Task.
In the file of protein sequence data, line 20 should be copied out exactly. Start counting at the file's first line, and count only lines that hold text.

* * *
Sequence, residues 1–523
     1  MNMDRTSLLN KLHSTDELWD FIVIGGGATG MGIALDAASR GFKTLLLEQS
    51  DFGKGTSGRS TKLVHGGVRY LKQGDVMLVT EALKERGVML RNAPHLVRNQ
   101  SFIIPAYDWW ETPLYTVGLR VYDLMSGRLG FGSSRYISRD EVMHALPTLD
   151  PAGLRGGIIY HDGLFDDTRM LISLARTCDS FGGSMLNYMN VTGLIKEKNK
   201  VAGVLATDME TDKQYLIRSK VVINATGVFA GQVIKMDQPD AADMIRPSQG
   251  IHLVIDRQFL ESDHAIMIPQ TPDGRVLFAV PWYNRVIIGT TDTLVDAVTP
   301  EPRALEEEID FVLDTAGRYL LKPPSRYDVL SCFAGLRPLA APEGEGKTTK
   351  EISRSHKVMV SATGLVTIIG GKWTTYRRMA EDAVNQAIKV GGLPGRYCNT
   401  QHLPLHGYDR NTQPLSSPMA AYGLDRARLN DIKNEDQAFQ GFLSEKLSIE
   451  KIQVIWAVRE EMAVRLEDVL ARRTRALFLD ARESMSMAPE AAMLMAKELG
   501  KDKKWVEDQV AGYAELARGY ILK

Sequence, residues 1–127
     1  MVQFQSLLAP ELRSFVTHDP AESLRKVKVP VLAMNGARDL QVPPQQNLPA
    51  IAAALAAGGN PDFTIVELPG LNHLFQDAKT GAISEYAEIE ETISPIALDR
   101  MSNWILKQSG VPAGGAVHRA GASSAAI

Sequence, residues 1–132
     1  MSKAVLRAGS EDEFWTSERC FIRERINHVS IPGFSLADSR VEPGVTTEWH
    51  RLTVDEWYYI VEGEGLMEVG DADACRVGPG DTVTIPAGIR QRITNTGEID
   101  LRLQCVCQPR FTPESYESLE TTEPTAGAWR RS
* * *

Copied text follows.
   101  LRLQCVCQPR FTPESYESLE TTEPTAGAWR RS